Before our marriage, Bert spent time in Garden City with the "smaller" Schmitt family. After our marriage and our growing family we would see Francis and Eileen at weddings, anniversary's, funerals and the like. In our later years, Francis would visit us and spend time by driving to Kalamazoo himself then by taking the train. He got my wife interested in genealogy and looked forward to visiting Mendon, the place of his birth, the remaining relatives there as well as those in Kalamazoo. We often ate out and he would always say it was "his" turn to cook.

Our last get together was a "mini" reunion five weeks ago in Kalamazoo, with his sisters Mary, Lucille and Bert as well as his brothers-in-law, Jim Dillon and myself, as well as his niece Aileen Sunnock and daughter Martha Christensen.

It is sad to see someone like Francis leave us as our family often referred to Uncle Francis as a "Living Legend", and he truly was.

May his soul rest in peace.

From Betty Hall, a friend of Francis 

Dick I got the e-mail below from a young woman who lives in Alaska. She and another friend were visiting us on Molokai at the same time your Dad was there. Your Dad came for a week and stayed for three. While he was there, he went on a hike up uncleared mountain trails to a waterfall and pool. He was 80 that year and a rep. from AAA in California took pictures and documented the trip by your Dad and a 8 year old boy. She titled it "8 to 80".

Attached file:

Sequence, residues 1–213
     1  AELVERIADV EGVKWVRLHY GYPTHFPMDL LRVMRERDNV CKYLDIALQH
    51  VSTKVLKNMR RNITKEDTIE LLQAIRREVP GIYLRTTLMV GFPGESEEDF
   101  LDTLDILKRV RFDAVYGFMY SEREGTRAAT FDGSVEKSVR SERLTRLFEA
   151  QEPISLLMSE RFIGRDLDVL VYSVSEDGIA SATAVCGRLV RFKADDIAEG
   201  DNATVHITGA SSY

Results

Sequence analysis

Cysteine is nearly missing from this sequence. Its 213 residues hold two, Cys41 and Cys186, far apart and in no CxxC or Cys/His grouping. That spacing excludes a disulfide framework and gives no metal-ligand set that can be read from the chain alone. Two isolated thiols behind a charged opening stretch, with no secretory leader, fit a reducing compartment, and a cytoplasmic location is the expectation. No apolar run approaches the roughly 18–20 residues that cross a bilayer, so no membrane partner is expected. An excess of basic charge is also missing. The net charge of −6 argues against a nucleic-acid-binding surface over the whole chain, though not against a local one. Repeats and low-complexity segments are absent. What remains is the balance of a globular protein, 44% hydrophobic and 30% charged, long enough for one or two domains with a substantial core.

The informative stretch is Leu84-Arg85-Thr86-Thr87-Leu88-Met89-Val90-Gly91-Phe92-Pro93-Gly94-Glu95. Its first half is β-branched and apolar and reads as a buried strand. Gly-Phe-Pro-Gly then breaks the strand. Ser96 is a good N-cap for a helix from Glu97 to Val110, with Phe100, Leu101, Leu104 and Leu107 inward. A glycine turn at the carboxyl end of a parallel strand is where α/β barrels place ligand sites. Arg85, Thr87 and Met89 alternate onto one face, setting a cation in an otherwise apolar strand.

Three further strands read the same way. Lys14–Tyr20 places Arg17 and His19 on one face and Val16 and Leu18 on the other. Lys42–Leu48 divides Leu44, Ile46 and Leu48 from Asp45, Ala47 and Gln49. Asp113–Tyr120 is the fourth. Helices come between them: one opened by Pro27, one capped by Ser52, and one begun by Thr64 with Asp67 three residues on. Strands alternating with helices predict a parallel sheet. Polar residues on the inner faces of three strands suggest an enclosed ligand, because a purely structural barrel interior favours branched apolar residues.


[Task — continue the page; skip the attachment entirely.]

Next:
Beside snorkeling for the first time at 80, I was thinking of some of the good times we had with your Dad and remembered "The girls" We had a rent a wreck four wheel drive pick-up to go up another mountain to view the many waterfalls in the valley beyond and also the Sandalwood Pit that was dug years ago by the natives as slave labor, When the pit was full of Sandalwood, it would fill the hull of a ship. The natives were forced to haul the logs down the mountain to the pier where the ship was docked. Many ruined their health or died. So the natives pulled up and destroyed every seedling of the Sandalwood trees so their children wouldn't be abused they way they were. Your Dad insisted on sitting in the back of the rickety pick up with his "Girls" on either side of him. He reminded me of George Burns. We all have fond memories of that three weeks and your Dad. I just thought I'd share some of our memories with you as Karen Milne did. Betty Hall

----- Original Message -----
To: Betty J. Hall
Sent: Friday, August 25, 2006 2:05 AM
Subject: RE: Francis Schmitt Status

Dear Betty,
Thanks for keeping us in the loop on Francis. I have such fond memories of snorkeling with him in Hawaii and sitting around the big table sharing stories, playing cards. Our days on Molokai with all of you were among the best of a lifetime. Thanks be to God that Francis led such a full, productive, and active life. It was hard to imagine then, that an 80 year old man who had had heart surgery wanted to learn how to snorkel with the "girls."